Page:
When it’s time to sit down at the planning table with a wealth holder, odds are you won’t be alone. Regardless of the wealth holder’s net worth or if you’re meeting with an individual, a couple, a family or a business owner, clients frequently receive advice from many others including lawyers, attorneys, insurance providers, money managers, accountants and philanthropic advisors.
It’s up to you to ensure that the needs are being put first, and there’s a good possibility that the wealth holder might question the motives of some of the others at the table. Everyone knows they’re seated at the table with the motive of commerce, but who’s interests will they put above all else? The answer isn’t always clear, and the client’s interpretation of what’s happening will have a tangible impact on how they view your contributions and advice.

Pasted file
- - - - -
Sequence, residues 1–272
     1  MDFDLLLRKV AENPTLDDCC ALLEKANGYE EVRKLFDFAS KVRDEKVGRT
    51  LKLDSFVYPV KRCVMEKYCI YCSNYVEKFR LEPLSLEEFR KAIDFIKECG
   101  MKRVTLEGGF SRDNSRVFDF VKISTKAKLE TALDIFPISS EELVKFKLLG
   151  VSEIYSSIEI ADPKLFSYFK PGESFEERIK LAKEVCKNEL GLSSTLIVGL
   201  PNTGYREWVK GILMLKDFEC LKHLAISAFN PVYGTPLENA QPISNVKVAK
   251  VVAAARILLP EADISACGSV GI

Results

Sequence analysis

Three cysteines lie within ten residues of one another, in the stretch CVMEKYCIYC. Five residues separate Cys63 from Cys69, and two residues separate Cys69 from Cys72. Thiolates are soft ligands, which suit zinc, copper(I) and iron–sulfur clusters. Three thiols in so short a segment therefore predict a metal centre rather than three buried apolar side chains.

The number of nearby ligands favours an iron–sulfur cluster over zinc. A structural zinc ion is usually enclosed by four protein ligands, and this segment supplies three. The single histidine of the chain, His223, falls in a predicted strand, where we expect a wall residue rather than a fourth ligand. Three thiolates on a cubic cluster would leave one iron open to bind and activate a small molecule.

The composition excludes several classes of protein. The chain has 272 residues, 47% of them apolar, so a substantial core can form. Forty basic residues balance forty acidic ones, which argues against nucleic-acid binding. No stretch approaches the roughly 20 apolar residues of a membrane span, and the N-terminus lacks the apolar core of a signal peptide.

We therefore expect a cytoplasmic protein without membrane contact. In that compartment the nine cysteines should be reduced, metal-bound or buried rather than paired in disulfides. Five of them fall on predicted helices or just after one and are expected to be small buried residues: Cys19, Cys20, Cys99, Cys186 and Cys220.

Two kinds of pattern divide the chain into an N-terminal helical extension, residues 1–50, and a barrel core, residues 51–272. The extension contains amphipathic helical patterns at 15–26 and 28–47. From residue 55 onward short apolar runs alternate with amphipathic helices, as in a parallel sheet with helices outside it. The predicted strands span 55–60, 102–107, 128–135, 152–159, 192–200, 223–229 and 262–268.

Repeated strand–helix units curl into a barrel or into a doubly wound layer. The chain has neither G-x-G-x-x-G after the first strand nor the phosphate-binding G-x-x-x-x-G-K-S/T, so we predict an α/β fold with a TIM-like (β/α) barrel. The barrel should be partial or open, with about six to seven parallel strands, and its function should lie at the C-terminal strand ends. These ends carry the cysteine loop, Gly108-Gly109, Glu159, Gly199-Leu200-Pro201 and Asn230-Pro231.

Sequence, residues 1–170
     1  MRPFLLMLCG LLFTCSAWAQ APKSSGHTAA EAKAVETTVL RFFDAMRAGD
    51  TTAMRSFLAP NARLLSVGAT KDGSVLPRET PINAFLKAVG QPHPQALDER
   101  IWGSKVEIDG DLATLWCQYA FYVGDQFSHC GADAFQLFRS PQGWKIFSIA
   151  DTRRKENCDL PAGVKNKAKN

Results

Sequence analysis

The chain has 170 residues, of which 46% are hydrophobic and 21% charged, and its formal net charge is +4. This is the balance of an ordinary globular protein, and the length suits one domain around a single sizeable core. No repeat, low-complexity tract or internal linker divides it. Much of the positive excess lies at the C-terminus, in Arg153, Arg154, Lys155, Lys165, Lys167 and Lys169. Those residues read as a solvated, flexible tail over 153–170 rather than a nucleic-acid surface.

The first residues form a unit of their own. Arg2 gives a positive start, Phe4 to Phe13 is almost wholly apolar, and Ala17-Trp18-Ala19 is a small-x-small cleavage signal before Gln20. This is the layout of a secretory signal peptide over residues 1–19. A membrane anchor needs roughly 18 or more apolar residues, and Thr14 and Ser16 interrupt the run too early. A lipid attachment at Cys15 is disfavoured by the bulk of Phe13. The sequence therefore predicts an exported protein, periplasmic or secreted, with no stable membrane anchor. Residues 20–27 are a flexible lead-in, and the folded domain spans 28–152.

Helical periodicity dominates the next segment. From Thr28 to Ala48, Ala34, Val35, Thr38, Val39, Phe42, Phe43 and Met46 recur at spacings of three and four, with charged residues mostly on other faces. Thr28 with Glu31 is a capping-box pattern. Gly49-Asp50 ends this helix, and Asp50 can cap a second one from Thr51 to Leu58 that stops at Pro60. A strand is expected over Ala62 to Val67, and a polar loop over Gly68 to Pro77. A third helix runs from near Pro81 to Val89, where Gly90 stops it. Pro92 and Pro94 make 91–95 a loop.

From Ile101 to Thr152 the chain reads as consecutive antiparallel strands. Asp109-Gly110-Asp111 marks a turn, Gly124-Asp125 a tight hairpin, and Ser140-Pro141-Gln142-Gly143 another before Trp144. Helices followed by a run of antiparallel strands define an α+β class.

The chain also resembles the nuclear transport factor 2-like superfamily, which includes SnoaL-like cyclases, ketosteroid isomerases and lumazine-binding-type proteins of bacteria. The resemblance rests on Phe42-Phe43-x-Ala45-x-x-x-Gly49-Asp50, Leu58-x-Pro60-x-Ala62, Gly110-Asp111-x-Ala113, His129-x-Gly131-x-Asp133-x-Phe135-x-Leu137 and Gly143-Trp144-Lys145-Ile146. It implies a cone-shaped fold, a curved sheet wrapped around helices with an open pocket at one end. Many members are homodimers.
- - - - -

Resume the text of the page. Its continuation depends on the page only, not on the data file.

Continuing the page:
There is a single trait that, if recognized by the wealth holder, can quickly alter how you are perceived by them: it’s called Self-Orientation. In simple terms, we are reassured when we perceive that others are putting our needs ahead of their own – it’s a fundamental in creating the ground conditions for trust. So quite simply, if people sense that you are focused on you, and what you can do, and what you will get out of an exchange, it hurts trust. But if they think you are putting your needs last, they tend to trust your advice more readily.
So how do you demonstrate a low Self-Orientation? Take a step back and put the solutions aside in the early stages. Wealth holders are often concerned that their money won’t end up where they want it to be, that’s a common worry. So, address that by slowing down and taking the time really understand what your client wants and why they want it. Show that this is about your client’s outcome, and not your income.
Then the wealth holder can truly recognize that you have them in your best interest, and you won’t have to fight for a seat at the planning table.